GM Bailout Loss Totals $9.7B, Report Says

By | October 30, 2013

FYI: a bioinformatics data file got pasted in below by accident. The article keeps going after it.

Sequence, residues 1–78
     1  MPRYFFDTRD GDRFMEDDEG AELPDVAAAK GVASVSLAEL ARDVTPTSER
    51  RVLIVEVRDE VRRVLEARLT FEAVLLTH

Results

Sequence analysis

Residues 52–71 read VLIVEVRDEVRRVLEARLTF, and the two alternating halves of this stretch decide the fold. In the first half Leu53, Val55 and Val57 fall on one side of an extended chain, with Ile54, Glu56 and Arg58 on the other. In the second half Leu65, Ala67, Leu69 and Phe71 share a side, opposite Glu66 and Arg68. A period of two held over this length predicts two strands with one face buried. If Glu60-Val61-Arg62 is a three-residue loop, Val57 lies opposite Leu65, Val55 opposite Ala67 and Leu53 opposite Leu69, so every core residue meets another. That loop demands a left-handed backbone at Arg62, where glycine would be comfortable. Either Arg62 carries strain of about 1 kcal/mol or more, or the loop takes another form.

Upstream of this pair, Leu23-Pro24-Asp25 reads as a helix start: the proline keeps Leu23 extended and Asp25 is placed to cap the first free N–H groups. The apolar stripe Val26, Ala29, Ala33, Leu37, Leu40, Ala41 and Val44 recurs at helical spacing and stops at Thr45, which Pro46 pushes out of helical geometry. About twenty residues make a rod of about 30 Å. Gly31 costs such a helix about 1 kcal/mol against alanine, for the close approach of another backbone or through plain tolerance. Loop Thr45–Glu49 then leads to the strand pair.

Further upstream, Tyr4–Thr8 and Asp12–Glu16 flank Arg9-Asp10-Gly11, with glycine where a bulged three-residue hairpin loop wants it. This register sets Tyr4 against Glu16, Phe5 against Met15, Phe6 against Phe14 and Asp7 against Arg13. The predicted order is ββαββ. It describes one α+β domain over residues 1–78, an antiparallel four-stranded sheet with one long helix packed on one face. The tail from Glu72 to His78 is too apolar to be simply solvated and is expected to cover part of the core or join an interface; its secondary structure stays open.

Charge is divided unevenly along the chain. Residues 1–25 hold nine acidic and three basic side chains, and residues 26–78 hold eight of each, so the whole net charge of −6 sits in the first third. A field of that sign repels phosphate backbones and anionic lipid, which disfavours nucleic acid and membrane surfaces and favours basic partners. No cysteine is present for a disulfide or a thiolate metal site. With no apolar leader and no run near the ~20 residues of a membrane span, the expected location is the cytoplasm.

The U.S. Treasury has lost $9.7 billion on the GM bailout plan, according to a quarterly report to Congress released on Thursday. During the auto crisis of 2009, the government took a 60.8-percent stake in the automaker. This number has since dropped to around 7 percent as the government has sold off 811 million of its original 912 million shares. The report, sent from the Special Inspector General overseeing the Troubled Asset Relief Program, said that the GM stock sales have all occurred far below the price needed for the government to recoup its money. GM's stock traded at $35.80 a share by Wednesday's close, up 1 percent. In order for the government to break even, however, it would need to sell its shares at an astronomical $147.95. The government has said that it plans to sell all of its shares in GM by April 2014 at the latest. The remainder of the government's stake is worth around $3.6 billion. If current pricing holds true, GM will end up losing around $10 billion when all is said and done. Although taxpayers will likely end up losing a lot of money on the nearly $50 billion GM bailout, the government has repeatedly said that its goal was not to make a profit from its investment in GM. The Center for Automotive Research estimates that the GM bailout saved about 1.5 million jobs. Sources: The Detroit News, Reuters
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